Solar and heat pumps deliver

Cows at Johnson Dairy

Like most dairies, heating water along with cooling milk were the biggest electricity uses at the Johnson’s dairy. For the Johnsons, involvement with the Victorian Government’s Agriculture Energy Investment Plan (AEIP) helped them realise the opportunity to invest in energy efficient technology.

The Johnson family milk around 200 cows on a 202 hectare property at Oxley Flats (near Wangaratta) in north east Victoria, with an annual milk production around 1.3 million litres. The dairy shed has a 3,700 litre milk vat and two hot water services (one for the main wash and one for the vat wash). There are three electric powered irrigation pumps. Power supply to the property is three phase. The Johnsons undertook an AEIP energy assessment in 2018 and subsequently received AEIP assistance for the installation of solar Photovoltaic (PV) panels and heat pumps.

The opportunity

The cost of power used at dairy, especially for water heating was one of the Johnson’s key concerns. Greg said that “plant and equipment hygiene is critical in a dairy operation and heating water is one of the biggest costs, along with cooling milk”. To reduce electricity consumption, the Johnsons had already installed a glycol milk vat and energy efficient milk and vacuum pumps in the dairy. Before the AEIP energy assessments were offered, Greg hadn’t thought about getting an energy audit. The Johnsons found that the audit to be of great benefit, not only in helping them choose ‘big ticket’ items, but also for doing the ‘small’ things that deliver energy savings, like insulating pipes. The dairy has an older electric hot water service which is relatively inefficient. Greg says that “the assessment highlighted the gains for installing a heat pump, which together with installing solar PV, will allow us to reduce costs for the dairy”.

The technology

Solar Photovoltaic (PV) panels with a capacity of 13.2kW were installed by the Johnsons and the PV system is used to generate electricity for use at the dairy shed and to supply power to an irrigation pump. The Johnsons also installed (air source) heat pumps that preheat water to around 60 degrees – prior to the electric hot water service heating it to a higher temperature of 90 degrees. Heat pumps are an energy efficient way to heat water as they use latent heat captured from the surrounding air, together with a compressor, to heat water. The Johnson’s chose to install a system with four heat pumps (4 @ 270 litres). This has the advantage that if any individual heat pump should fail on a day – the provision of hot water is not compromised – as three pumps can still effectively preheat the water before it enters the electric hot water service.

Heat pumps at the Johnson Dairy

Photo: Heat pumps at the Johnson Dairy

The outcomes

The Johnsons are very happy with the outcomes delivered by installing the solar and heat pumps. They are achieving their milk production and quality targets but using less power. Greg has said that “the solar PV system is operating well and has met our expectations. Over the year, we are consuming more solar generation on-farm than is being exported to the grid. In the winter months, we are using nearly all of our PV generation. Only in the summer months are we exporting more to the grid than we are consuming for on-farm activities”. “The heat pumps have reduced our hot water energy use in the dairy by around 50 per cent and they offer greater reliability. Before when the electric hot water service broke down, we had to rely on a service agent coming out and being able to fix it the same day. The heat pumps have a screen where we can see if there are any issues. And if one of the four heat pumps should malfunction, the other three will still deliver sufficient preheated water to the hot water service for the day”.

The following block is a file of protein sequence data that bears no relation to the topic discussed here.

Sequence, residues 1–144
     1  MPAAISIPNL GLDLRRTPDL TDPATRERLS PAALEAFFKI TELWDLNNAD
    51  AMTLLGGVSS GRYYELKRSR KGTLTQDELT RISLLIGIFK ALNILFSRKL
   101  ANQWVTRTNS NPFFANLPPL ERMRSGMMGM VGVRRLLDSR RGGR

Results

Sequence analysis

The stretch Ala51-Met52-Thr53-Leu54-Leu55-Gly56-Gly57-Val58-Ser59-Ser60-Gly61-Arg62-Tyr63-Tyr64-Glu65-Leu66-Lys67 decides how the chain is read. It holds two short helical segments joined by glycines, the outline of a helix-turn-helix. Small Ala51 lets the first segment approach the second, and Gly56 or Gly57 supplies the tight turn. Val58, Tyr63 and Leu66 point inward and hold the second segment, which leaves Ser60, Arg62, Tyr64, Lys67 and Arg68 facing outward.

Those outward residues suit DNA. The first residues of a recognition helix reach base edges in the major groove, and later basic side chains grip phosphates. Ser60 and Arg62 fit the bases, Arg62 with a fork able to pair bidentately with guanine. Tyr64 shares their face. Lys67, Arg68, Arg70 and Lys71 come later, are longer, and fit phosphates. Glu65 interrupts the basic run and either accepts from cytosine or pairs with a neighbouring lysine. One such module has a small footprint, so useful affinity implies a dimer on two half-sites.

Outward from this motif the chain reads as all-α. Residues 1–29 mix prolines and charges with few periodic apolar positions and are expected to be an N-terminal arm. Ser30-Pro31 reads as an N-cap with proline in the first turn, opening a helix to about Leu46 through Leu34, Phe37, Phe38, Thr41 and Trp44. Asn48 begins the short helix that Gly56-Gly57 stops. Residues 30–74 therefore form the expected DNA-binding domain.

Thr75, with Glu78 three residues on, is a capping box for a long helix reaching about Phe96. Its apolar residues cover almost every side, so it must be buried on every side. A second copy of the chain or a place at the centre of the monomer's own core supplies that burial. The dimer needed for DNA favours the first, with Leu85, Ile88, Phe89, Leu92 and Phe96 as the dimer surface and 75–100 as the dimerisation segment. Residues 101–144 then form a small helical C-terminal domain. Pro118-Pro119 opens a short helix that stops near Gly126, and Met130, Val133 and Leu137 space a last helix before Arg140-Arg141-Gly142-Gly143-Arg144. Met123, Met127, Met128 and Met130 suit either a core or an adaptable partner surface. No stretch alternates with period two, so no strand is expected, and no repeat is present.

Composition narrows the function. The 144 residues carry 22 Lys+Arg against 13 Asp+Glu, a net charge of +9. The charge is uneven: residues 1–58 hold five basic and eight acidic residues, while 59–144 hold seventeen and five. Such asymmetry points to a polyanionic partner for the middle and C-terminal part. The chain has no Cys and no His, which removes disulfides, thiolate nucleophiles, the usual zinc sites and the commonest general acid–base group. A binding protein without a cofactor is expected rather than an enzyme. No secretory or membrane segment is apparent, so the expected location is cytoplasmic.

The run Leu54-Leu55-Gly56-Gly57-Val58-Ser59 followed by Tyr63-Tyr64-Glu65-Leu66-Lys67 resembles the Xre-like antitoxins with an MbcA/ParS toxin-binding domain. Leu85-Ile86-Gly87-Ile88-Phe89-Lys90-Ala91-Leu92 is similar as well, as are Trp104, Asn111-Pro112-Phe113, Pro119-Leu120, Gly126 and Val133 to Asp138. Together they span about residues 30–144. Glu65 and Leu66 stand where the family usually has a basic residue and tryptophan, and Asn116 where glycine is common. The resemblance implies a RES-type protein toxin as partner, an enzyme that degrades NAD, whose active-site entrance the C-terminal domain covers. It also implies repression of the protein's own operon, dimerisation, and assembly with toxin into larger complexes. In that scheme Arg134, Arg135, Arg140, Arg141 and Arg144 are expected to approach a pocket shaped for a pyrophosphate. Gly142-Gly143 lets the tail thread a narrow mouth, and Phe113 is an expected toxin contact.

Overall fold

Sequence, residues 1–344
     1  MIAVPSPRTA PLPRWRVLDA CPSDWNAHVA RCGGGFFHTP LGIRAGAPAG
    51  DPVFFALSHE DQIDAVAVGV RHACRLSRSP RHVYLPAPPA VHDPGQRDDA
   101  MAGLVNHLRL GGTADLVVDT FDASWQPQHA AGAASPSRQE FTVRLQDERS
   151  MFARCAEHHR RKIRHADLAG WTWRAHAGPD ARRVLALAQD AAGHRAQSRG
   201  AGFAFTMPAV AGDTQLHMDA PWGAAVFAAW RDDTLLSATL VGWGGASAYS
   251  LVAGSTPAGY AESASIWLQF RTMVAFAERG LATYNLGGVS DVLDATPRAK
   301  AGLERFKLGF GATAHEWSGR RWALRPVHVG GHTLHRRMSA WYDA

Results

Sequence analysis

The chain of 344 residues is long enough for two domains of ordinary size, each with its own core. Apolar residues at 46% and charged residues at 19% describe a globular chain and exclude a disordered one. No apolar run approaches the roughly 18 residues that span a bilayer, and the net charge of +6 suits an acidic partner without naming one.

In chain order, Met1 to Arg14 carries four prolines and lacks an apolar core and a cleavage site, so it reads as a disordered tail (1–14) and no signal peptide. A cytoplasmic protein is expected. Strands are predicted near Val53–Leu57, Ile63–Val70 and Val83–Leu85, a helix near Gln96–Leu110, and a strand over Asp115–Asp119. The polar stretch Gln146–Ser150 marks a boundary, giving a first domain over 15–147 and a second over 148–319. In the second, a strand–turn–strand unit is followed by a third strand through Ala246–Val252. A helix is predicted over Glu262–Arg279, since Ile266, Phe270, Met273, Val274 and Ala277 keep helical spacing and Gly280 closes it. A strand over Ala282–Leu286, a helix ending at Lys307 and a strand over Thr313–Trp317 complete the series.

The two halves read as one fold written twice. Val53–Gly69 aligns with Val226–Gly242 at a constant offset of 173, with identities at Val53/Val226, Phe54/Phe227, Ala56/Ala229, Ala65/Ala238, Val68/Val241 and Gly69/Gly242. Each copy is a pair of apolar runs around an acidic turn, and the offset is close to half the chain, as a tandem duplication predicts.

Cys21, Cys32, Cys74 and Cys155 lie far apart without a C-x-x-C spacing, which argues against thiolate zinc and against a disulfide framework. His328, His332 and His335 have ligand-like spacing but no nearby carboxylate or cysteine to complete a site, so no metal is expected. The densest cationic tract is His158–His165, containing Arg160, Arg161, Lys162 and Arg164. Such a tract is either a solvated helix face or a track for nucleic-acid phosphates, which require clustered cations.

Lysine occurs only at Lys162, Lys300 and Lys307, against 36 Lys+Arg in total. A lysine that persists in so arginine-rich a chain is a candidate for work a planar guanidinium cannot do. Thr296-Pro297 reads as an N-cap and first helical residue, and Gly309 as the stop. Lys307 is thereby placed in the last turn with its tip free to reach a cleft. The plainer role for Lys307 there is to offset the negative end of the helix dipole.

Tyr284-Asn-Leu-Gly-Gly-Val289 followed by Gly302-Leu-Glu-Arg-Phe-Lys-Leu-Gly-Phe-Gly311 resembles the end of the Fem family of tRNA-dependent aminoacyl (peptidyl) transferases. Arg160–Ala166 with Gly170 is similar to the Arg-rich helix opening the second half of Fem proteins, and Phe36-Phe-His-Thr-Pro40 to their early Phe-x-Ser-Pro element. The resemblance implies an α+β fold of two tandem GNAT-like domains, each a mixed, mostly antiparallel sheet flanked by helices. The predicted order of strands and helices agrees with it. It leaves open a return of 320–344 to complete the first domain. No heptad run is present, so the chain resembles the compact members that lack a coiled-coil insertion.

Table 1: Investment costs and benefits of new energy saving technologies

TechnologyInvestment CostsBenefitsModelled annual benefitsPayback (discounted)
Solar PV$11,000Electricity$3,4003.6 years
Heat Pumps$10,000Electricity
& other
$2,2005.2 years
*Information from the business operator/s and the AEIP energy assessment has been used to estimate current annual ‘savings’ and forecast
future ‘savings’. ‘Other’ benefits are net savings on servicing and maintenance. The value shown for ‘modelled annual benefits’ is the average of annual savings across the payback period. Investment costs are ex-GST; and for eligible technology, also after deducting the value of small-scale technology certificates (STC). A 6 per cent discount rate was used in calculating the payback years.


The last word

Greg said the technology has delivered on cost savings and more. “Being able to generate hot water at a lower cost, has not only saved us money, but also helped ensure reliable daily delivery of a quality milk product. Installing the heat pumps and using solar electricity across the dairy has been a great choice for us.” “We have now reduced our annual consumption of grid electricity at the dairy shed by around a quarter, which is also a great step towards our goal of minimising emissions. We are also considering the opportunity for us to switch some of our summer irrigation times from night time to day time, so we can strategically use more of the higher solar generation in summer months.”

Download a copy of this case study – Solar and heat pumps deliver.pdf

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